Harry H. Corbett

This article is about the English actor Harry H. Corbett. For the English puppeteer, see Harry Corbett.
Harry H. Corbett

Publicity photo of Corbett in the 1970s.
Born Harry Corbett
(1925-02-28)28 February 1925
Rangoon, British Burma

21 March 1982(1982-03-21) (aged 57)
Hastings, East Sussex, England

Nationality British
Occupation Actor
Years active 1945–82
Notable work See below
Home town Wythenshawe, Manchester, Lancashire, England
Television Steptoe and Son
Spouse(s) Sheila Steafel (m. 195864) (divorced)
Maureen Blott (1969–1982)
(his death)
Children Susannah Corbett
Jonathan Corbett

Harry H. Corbett, OBE[1] (28 February 1925  21 March 1982) was an English actor.

Corbett was best known for his starring role in the popular and long-running BBC Television sitcom Steptoe and Son in the 1960s and 1970s. Corbett was regarded as one of Britain's first Method actors and early in his career he was dubbed "the English Marlon Brando" by some sections of the British press.

Early life

Corbett was born in Rangoon, Burma, the youngest of seven children where his father, George Corbett (1885/86-1943), was serving as a company quartermaster sergeant in the South Staffordshire Regiment of the British Army, stationed at a cantonment as part of the Colonial defence forces. Corbett was sent to Britain after his mother, Caroline Emily, née Barnsley, (1884-1926) died of dysentery when he was 18 months old. He was then brought up by his aunt, Annie Williams, in Earl Street, Ardwick, Manchester and later on a new council estate in Wythenshawe. He attended Ross Place and Benchill Primary Schools; although he passed the scholarship exam for entry to Chorlton Grammar School, he was not able to take up his place there and instead attended Sharston Secondary School.[2]

Corbett enlisted in the Royal Marines during the Second World War, and served in the Home Fleet on the heavy cruiser HMS Devonshire. After V-J Day in 1945 he was posted to the Far East, where he was involved in quelling unrest in New Guinea and reportedly killed two Japanese soldiers there whilst engaged in hand-to-hand fighting. He was then posted to Tonga, but deserted and remained in Australia before handing himself in to the Military Police. His military service left him with a damaged bladder following an infection and a red mark on his eye caused by a thorn which was not treated until late in his life.[2]

On returning to civilian life, Corbett trained as a radiographer before taking up acting as a career, initially in repertory. In the early 1950s, he added the initial "H" to avoid confusion with the television entertainer Harry Corbett, known for his act with the glove-puppet Sooty. He joked that "H" stood for "hennyfink" – a Cockney pronunciation of "anything". In 1956 he appeared on stage in The Family Reunion at the Phoenix Theatre in London.

From 1958 he began to appear regularly in films, coming to public attention as a serious, intense performer in contrast to his later reputation in sitcom. He appeared in television dramas such as The Adventures of Robin Hood (as four different characters in different episodes between 1957 and 1960) and Police Surgeon (1960). He also worked and studied Stanislavski's system at Joan Littlewood's Theatre Workshop at the Theatre Royal in Stratford, London.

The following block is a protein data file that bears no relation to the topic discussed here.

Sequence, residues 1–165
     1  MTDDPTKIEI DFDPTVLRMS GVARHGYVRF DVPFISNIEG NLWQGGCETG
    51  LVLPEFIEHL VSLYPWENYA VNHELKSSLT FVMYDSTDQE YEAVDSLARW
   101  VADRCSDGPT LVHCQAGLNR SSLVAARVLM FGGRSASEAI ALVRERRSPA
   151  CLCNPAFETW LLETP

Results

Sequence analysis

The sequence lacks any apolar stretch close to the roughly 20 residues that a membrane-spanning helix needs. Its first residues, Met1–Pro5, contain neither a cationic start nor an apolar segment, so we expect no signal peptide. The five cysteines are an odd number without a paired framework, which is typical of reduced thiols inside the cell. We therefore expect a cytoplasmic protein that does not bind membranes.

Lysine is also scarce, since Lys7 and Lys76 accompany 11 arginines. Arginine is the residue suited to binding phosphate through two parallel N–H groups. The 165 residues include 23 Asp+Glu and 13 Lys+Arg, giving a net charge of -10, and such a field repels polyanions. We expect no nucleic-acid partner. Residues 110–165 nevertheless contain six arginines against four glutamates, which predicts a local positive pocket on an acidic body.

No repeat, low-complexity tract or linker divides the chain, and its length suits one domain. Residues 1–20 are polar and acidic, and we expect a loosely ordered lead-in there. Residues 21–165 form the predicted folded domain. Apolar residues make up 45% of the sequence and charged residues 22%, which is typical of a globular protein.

Steptoe and Son

Scriptwriters Galton and Simpson, who had been successful with Hancock's Half Hour, changed Corbett's life. In 1962, at their request, Corbett appeared in "The Offer", an episode of the BBC's anthology series of one-off comedy plays, Comedy Playhouse, written by Galton and Simpson. He played Harold Steptoe, a rag-and-bone man who lives with his irascible widower father Albert (Wilfrid Brambell) in a delapidated house attached to their junkyard and the stable for their horse Hercules. Corbett was, at the time, working at the Bristol Old Vic where he appeared as Macbeth.

The programme was a success and a full series followed, continuing, with breaks, until 1974, when the Christmas special became the final episode. Although the popularity of Steptoe and Son made Corbett a star, it ended his serious acting as he became irreversibly associated with Steptoe in the public eye. Before the series began, Corbett had played Shakespeare's Richard II to great acclaim; however, when he played Hamlet in 1970, he felt both critics and audiences alike were not taking him seriously and could only see him as Harold Steptoe. Corbett found himself only receiving offers for bawdy comedies or loose parodies of his alter-ego Harold.[3] Production of the sitcom was in the last few years stressful as Brambell was an alcoholic, often ill-prepared for rehearsals and forgetting his lines and movements.[4] A tour of a Steptoe and Son stage show in Australia in 1977 proved a disaster due to Brambell's drinking.[4] During the tour, the pair appeared in character in an advert for Ajax soap powder.

The TV episodes were remade for radio, often with the original cast − it is these that were made available on tape and CD. After the Steptoe and Son series officially finished, Corbett played the character again on radio (in a newly written sketch in 1978), as well as in a television commercial for Kenco coffee. The two men reunited in January 1981 for one final performance as Steptoe and Son in a further commercial for Kenco.[5]

The Curse of Steptoe, a BBC TV play about Corbett and Brambell, was broadcast on 19 March 2008 on the British television channel BBC Four, featuring Jason Isaacs as Corbett. The first broadcast gained the channel its highest audience figures to that date, based on overnight returns.[6]